To be honest, until our class discussion on Tuesday, I wasn’t sure whether or not I should take Amy Sedaris’ recipes in I Like You seriously. It feels strange to say that now, because after all, the recipes are the most straightforward and no-nonsense things about this cookbook, but I just kept thinking: Look at all the ridiculousness surrounding these recipes! Does she really mean for me to cook this? Or am I going to start heating up a skillet for sautéed spinach only to find that I’m missing one vital ingredient: weed.
What I found, however, is that the advice Sedaris scatters, apparently obliviously, throughout this book truly does carry weight. The chaotic layout of the book, the wholly dysfunctional and inappropriate references all enhance the realistic words of wisdom. My favorite piece of advice, by far, came in the form of Paul Sedaris’ Fuck It Bucket (see For a College Graduation, p. 189 & 290). “When shit gets you down, just say ‘fuck it’ and eat some mother fuckin’ candy” (290). Okay, so it’s vulgar and, yet again, probably inappropriate (although the way some of the sixth graders I’ve been teaching speak to one another tells me otherwise) but it explicitly and concisely sends Amy Sedaris’ message. Besides “I like you,” she seems to be sincere in the belief that things go wrong, that life is pretty much as messy and ugly (and delicious) as her jumbled recipes. When a party, or a relationship, or a Breathalyzer blows up in your face, it’s best to laugh or cook your way out of it… or just say “fuck it” and move on. Eat the candy, massage the rabbit at your feet, and stop worrying so much. I like that message. I like the whole Sedaris family, too, apparently.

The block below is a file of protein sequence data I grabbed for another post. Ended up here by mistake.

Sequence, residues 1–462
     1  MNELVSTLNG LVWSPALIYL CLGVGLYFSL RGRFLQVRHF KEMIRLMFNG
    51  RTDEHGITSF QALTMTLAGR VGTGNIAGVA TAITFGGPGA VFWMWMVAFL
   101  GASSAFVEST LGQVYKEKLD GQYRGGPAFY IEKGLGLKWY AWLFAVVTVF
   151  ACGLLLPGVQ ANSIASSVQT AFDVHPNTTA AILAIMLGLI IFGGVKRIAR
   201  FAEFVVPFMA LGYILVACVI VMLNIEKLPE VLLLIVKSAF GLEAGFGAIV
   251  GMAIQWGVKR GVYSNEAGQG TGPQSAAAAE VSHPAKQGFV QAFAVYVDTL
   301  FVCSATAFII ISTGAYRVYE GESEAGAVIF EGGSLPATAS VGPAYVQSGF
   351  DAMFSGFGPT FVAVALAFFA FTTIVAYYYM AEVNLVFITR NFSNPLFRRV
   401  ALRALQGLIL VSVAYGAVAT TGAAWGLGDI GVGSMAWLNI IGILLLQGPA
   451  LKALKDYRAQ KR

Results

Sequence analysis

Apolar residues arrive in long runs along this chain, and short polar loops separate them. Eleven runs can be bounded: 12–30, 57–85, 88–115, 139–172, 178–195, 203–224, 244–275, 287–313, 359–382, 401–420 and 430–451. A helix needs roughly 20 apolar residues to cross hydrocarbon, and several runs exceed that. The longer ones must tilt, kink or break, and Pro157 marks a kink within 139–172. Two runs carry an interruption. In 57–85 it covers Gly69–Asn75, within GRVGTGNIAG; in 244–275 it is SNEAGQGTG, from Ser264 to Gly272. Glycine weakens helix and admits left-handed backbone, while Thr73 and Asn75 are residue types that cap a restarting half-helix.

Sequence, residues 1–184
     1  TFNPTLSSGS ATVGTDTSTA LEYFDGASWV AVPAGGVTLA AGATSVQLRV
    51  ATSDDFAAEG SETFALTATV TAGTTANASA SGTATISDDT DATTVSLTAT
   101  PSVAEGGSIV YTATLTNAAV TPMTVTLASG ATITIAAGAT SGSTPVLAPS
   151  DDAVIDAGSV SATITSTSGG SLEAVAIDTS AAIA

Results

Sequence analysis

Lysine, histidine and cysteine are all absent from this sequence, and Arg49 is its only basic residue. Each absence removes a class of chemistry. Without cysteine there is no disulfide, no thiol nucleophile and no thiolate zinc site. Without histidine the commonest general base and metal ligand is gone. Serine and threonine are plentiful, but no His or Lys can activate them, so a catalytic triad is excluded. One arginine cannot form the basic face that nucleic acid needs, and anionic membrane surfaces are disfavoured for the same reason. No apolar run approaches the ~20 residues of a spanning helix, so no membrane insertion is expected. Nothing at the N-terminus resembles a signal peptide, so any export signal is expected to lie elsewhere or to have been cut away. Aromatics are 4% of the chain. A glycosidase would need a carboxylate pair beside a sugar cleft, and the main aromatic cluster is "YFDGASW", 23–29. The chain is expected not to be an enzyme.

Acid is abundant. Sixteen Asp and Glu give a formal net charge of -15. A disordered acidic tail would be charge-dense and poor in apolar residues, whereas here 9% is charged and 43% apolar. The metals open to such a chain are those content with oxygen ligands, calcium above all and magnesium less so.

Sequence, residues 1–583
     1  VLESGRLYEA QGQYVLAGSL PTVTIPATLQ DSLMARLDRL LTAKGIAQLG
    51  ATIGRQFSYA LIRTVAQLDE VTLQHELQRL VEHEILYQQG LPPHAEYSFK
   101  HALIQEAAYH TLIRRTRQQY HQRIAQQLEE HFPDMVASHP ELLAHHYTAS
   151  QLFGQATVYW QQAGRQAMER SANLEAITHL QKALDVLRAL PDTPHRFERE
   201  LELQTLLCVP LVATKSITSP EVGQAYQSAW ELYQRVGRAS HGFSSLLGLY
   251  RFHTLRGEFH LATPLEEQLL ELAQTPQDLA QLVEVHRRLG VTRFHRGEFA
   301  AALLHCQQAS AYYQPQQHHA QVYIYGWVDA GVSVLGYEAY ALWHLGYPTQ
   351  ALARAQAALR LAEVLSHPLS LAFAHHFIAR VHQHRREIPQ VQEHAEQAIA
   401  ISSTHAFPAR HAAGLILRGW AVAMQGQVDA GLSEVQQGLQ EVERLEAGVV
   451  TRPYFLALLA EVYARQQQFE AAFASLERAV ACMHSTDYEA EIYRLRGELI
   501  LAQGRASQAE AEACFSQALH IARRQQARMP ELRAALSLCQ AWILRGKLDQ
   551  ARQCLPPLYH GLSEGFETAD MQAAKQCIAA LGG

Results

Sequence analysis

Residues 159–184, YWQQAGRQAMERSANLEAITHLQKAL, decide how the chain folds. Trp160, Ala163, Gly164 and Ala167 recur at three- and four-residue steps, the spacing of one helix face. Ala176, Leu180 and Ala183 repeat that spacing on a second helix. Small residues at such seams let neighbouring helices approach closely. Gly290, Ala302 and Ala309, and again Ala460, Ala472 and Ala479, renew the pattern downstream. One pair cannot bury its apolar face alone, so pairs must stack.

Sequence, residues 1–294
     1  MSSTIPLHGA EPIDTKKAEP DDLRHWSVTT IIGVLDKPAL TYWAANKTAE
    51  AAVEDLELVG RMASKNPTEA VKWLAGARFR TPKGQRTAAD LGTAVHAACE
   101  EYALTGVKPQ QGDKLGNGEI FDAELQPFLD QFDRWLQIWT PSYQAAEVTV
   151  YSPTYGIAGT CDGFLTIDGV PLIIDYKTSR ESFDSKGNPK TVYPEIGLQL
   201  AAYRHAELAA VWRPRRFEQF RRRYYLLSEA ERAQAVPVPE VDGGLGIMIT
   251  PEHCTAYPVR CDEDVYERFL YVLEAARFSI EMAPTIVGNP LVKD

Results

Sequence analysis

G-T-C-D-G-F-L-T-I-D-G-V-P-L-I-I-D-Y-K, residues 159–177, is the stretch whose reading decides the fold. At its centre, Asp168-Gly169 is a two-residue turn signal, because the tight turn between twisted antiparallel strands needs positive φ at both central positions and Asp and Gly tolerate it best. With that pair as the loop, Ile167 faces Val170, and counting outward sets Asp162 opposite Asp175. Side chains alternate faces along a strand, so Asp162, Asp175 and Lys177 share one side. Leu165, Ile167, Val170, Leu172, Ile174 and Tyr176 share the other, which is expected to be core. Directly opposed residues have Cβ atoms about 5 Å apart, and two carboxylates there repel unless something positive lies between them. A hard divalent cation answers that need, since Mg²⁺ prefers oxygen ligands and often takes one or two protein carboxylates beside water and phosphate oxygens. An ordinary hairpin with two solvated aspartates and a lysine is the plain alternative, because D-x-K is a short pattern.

Additionally, I think we’re meant to return to the issue of rules, of those standards of perfection to which we’re meant to rise. And we’re meant to ask ourselves: Why go to Bath & Body Works and pay $25.00 for bath salts when you can fill pantyhose with herbs and run bath water through it? Sedaris balances, in her clumsy-graceful way, on the divider between ridiculous and realistic, practical and pointless, intelligent and just plain stupid. What’s more, I think she makes it look a heck of a lot easier than it really is. Reading the book in its entirety, I’ve noticed that while Sedaris questions the boundaries we impose on our social lives, she also emphasizes certain social courtesies as well. The difference, I think, however, is that the courtesies she asks us to consider (seriously) are ones that only serve to strengthen bonds between people: good food at parties, a gift for someone opening his or her home to you, a little less worry and a little more laughter. All of these social elements strengthen relationships and create that solidarity we hope to find with people.
In light of this fact, I think the combination of recipes, ridiculousness, humor, and advice in this book is evidence of the kind of authenticity that seems pretty rare these days. It speaks to the fact that sometimes we do things simply for ourselves, but many times we do things because our actions promise us closeness with others. I’m not convinced that Sedaris was trying to make us laugh, necessarily. I really do think that this book illustrates her actual personality, her actual manner of speech (“I know that when I hear the words ‘It was a freak accident,’ I immediately think ‘I need to roast a chicken” p. 122). So, I think her humor is effortless and intelligent because it serves as an invitation for us to include ourselves among her friends. Sure, we don’t actually know her personally, so her references to certain people and places seem obscure. But the fact that she makes those personal references says that she’s not trying to hide.